A flood watch is in place for the Bulkley River near Smithers and the water is expected to keep rising.

A flood watch is in place for the Bulkley River near Smithers and the water is expected to keep rising.

Smithers gets flood-ready as water rises

The public is being warned to stay clear of the Bulkley River as Smithers prepares for possible flooding.

Bulkley Valley residents are being warned to stay clear of rising waterways as the Town of Smithers starts distributing sandbags for residents in low-lying areas.

The B.C. River Forecast Centre yesterday issued a flood watch warning for the Bulkley River, which is rising by about 20cm per day in the Smithers area.

It said the flood conditions were caused by unseasonably warm weather melting snowpack.

The forecast predicts the river could reach flood levels today or Thursday and it is expected to keep rising until the weekend.

Homes in low-lying areas such as Ebenezer Flats and the area at the end of Main Street are at greater risk of flooding.

Smithers Fire Rescue fire chief Keith Stecko said the Town of Smithers was distributing sandbag materials to residents at the end of Main Street as a precautionary measure.

We have a low-lying area at the end of Main Street that is significantly … at risk,” said Stecko.

“Generally during flood-time we’re in contact with those residents.

“As a precaution the Town of Smithers will be laying out sand-bags and sand for the residents, if they so choose then they can begin to sandbag their residence.”

He urged the public to stay away from local waterways and riverbanks, which could be unstable due to saturation and fast-flowing water.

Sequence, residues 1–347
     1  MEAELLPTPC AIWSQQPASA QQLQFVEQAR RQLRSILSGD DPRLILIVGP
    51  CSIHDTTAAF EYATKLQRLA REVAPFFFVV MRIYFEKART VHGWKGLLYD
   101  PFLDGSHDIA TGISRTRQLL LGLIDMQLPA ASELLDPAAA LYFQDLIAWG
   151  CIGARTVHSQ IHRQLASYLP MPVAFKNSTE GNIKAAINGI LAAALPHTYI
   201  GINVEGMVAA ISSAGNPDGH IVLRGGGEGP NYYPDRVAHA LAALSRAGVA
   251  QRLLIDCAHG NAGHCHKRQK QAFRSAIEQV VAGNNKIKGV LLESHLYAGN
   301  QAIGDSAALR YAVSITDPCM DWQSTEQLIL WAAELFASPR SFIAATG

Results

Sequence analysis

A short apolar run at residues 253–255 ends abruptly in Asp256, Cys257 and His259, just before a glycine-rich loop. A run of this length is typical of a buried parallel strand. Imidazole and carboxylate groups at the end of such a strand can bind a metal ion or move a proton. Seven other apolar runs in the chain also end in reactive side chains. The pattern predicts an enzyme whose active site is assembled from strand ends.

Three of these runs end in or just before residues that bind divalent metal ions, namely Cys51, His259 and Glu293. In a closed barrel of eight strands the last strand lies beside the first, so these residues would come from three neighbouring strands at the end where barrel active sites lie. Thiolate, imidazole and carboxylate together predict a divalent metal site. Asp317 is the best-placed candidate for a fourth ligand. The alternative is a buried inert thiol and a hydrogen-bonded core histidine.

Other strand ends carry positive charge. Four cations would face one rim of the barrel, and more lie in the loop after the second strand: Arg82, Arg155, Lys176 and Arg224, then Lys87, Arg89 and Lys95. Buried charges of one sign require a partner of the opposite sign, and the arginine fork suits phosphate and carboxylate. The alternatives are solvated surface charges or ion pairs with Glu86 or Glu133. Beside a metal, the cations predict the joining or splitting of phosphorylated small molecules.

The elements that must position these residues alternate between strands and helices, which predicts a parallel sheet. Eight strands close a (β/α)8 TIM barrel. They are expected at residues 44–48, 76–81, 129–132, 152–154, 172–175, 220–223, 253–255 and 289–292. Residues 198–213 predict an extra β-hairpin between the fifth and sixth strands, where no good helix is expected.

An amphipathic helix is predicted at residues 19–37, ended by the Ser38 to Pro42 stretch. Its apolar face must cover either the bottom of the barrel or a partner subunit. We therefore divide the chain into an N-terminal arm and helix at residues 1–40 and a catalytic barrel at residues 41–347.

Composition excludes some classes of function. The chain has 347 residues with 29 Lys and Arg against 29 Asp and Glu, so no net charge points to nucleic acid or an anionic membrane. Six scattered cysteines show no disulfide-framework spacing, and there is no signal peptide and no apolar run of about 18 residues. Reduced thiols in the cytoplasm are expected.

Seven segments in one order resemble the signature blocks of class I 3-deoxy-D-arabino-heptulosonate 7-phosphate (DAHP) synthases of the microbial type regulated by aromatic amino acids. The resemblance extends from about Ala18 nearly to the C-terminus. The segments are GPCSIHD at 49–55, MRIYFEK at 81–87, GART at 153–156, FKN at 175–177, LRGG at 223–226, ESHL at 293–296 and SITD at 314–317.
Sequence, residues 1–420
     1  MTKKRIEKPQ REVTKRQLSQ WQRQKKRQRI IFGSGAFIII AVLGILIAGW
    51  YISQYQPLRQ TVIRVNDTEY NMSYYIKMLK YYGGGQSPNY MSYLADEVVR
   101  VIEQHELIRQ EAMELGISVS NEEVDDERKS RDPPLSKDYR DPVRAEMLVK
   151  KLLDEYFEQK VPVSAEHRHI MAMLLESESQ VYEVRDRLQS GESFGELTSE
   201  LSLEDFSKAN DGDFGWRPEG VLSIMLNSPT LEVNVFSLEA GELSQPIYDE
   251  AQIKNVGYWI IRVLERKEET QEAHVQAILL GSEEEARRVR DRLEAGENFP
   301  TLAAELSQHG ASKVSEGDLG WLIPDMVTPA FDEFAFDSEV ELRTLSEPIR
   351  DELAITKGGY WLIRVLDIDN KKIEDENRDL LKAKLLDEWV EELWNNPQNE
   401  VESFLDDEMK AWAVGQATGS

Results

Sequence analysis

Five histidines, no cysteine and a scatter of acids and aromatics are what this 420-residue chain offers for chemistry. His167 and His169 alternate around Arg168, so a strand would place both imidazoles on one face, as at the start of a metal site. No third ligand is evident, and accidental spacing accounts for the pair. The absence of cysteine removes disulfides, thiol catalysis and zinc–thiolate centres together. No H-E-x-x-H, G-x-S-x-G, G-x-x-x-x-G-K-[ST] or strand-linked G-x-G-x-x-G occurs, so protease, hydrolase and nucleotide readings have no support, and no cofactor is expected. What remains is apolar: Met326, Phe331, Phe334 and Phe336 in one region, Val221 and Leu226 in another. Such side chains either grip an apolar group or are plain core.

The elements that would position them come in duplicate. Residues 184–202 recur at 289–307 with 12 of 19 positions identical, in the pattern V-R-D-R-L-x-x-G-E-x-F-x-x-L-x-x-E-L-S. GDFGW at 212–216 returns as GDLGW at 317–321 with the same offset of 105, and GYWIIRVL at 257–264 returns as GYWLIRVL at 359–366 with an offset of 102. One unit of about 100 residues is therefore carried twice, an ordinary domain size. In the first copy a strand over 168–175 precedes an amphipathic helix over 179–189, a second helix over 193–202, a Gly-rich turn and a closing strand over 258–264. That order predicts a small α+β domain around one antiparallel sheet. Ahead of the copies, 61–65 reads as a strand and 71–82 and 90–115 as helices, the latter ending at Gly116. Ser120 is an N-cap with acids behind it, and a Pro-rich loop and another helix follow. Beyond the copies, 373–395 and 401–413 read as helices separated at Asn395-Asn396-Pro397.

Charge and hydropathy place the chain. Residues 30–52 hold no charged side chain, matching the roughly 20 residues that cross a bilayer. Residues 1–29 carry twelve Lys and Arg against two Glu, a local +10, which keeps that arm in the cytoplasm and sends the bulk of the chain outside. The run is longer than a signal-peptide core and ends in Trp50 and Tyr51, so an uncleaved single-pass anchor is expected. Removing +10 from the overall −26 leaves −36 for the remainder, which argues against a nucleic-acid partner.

“The Town of Smithers wants to make it clear to our public to stay well away from the rivers, it’s very dangerous right now,” he said.

“It may be going on for several days, we’re not sure based on what the provincial assessments are so the best thing to do is stay away from the rivers to make sure that our public is safe.”

The River Forecast Centre is also warning people in low-lying areas to move livestock and other possessions of value to higher terrain if possible.

Stecko said the municipality was monitoring the water levels in close contact with the B.C. government.

“This is a live, active moving event so as things change we will either upgrade or downgrade the situation based on what we’re seeing,” he said.

Town of Smithers mayor Taylor Bachrach, councillor Gladys Atrill, chief administrative officer Deborah Sargent and fire chief Stecko were at an emergency response workshop in Burns Lake when the flood watch was announced yesterday.

“Obviously it was on everyone’s mind because while we were in the meeting we received the flood watch bulletin from the River Forecast Centre,” said Bacrach.

“There was a response as people in the room whose communities were close to the Bulkley River took the initial steps to respond to a potential emergency.”

Telkwa Fire Rescue fire chief Randy Cunningham said the section of river near his community was being monitored.

He said flood mitigation works completed after past floods were helping to keep Telkwa dry.

“We’re just monitoring the situation and we will see if the river settles down a little bit and if the river keeps coming up, we will see how it goes in the next day or so,” he said.

“We’re just basically at Mother Nature’s beckon call so we will just see what happens here.”

He added the amount of snowpack today was only slightly above normal at 108 per cent, compared with 270 per cent when a major flood happened in 2007.

For flood status and water level updates visit the B.C. River Forecast Centre at http://bcrfc.env.gov.bc.ca/warnings/index.htm.